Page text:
— The application period for Cohort 5 is now closed —
The Maureen and Mike Mansfield Foundation and the Japan Foundation Center for Global Partnership (CGP) are pleased to announce the recruitment of a new group of participants for the U.S.-Japan Network for the Future. This program was launched in 2009 to foster a new generation of Japan specialists. The four existing cohorts of Network for the Future scholars regularly have met over the program’s nine-year history to build their knowledge of Japan, their policy expertise, and their contacts in Japan-related policy and academic circles. The Foundation and CGP are pleased to make this opportunity available to a fifth group of emerging Japan specialists.
Purpose of the Program
The purpose of the U.S.-Japan Network for the Future program is to identify U.S.- and Japan-based professionals who demonstrate an interest in and potential for becoming Japan specialists and policy intellectuals and to support them in this effort. The network will include Japan specialists from all regions of the United States and Japan with diverse expertise and perspectives. Participants should be able constructively to participate in the bilateral policymaking process and to contribute to better understanding of U.S.-Japan relations. The program seeks to nurture a new generation of scholars and professionals working on the following policy areas: U.S.-Japan security relations; U.S.-Japan economic relations; regional cooperation; issues where the two countries confront common domestic challenges (such as aging societies or income inequality); and issues where the two countries have opportunities to work together to resolve global challenges (such as climate change or food security).
Eligibility and Terms
Applicants must be currently and actively involved in the U.S.-Japan dialogue. The program is targeted at scholars with a professional interest in Japan and at professionals with a strong engagement with Japan and work experience in policy-relevant fields. In addition to having an interest in public policy, successful applicants will be able to demonstrate their interest in and potential for becoming future leaders in the U.S.-Japan relationship.
- U.S.-based applicants must be American citizens or permanent residents who have a working knowledge of the Japanese language
- Japan-based applicants must be Japanese nationals who are able to contribute to discussions in English.
Because we are seeking to identify a future generation of leaders, our preference is for candidates in the early- to mid-career stage. In the academic context, normally this translates into scholars at the advanced assistant- or early associate-professor levels. Policy professionals should have a Master’s degree and at least five years of Japan experience.
Participants must be fully dedicated to the two-year program and able to participate in all scheduled meetings. Network participants will be expected to participate in: a two-day workshop in Washington, D.C. (June 2019); a two-day retreat in Montana (September 2019); a week-long meeting in Washington, D.C. (January 2020); a week-long Japan study trip (June 2020); and the June 2021 public symposium and current issues panel discussions.
Throughout the two-year program, participants will be expected to: develop their network of contacts; engage with other Network members; engage others in the academic and policy fields with what they have learned about Japan; prepare for and actively participate in the program’s meetings, workshops, and study trip; participate in group activities and support the program’s larger goals and objectives; conduct independent research on key issues of particular interest to them; produce op-ed pieces and commentary/blog posts on important policy issues in U.S.-Japan relations; and produce and seek to publish or otherwise disseminate a brief policy paper. Network participants will present their papers and discuss current issues in the region during the last meeting, the June 2021 public symposium in Washington, D.C.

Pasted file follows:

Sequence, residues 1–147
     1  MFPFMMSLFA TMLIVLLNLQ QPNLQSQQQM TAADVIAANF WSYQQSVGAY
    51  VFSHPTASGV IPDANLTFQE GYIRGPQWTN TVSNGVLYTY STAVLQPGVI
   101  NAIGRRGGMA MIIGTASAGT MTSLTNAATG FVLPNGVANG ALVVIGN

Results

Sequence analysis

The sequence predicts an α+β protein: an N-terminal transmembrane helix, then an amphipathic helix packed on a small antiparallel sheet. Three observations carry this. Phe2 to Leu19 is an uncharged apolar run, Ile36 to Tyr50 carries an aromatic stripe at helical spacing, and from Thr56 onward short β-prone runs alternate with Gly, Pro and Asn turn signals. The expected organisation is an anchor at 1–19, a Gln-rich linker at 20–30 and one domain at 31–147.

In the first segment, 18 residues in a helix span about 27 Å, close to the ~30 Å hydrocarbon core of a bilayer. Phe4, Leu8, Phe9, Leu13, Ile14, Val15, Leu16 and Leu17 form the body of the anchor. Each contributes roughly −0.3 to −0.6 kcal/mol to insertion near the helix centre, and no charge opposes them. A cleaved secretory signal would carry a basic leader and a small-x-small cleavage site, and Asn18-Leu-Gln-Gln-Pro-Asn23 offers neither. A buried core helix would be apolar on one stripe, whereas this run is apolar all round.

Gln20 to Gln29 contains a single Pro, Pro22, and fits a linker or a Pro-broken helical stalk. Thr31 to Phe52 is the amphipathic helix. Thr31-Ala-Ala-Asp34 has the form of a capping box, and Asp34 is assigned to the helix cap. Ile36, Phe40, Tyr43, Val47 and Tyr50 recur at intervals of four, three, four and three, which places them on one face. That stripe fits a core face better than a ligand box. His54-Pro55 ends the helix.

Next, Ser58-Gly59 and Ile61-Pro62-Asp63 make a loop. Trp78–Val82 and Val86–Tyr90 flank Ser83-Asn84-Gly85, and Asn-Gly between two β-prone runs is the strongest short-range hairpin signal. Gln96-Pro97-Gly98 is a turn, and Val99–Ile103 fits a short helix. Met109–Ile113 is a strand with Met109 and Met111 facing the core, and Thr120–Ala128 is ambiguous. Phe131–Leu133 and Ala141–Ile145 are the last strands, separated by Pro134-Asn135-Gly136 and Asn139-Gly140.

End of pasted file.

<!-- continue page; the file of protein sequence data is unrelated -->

Financial support for those selected is limited to coverage of travel, accommodations, and meal expenses associated with participation in program meetings and study trips.
Applications and Selection
Applications will be reviewed by a selection committee and participants will be announced the end of March 2019. The Foundation will select up to twelve participants and up to two Japan-based participants for this Network cohort.
For further information, please contact Timothy White, Associate Director of Communications, The Maureen and Mike Mansfield Foundation at twhite[at]mansfieldfdn.org.
The Maureen and Mike Mansfield Foundation is a 501(c) 3 organization that promotes understanding and cooperation in U.S.-Asia relations. Maureen and Mike Mansfield’s values, ideals, and vision for U.S.-Asia relations continue through the Foundation’s exchanges, dialogues, research, and educational programs, which create networks among U.S. and Asian leaders, explore the underlying issues influencing public policies, and increase awareness about the nations and peoples of Asia. The Foundation has offices in Washington, D.C.; Tokyo, Japan; and Missoula, Montana.
The Center for Global Partnership (CGP), founded in April 1991, is dedicated to strengthening the global U.S.-Japan partnership and cultivating the next generation of public intellectuals necessary to sustain this partnership. To carry out its mission, CGP supports an array of institutions and individuals, including nonprofit organizations, universities, policymakers, scholars and educators, and believe in the power of broad-based, multi-channel approaches to effect positive change. CGP has offices in Tokyo, Japan and New York, New York. Please visit the website at http://www.cgp.org.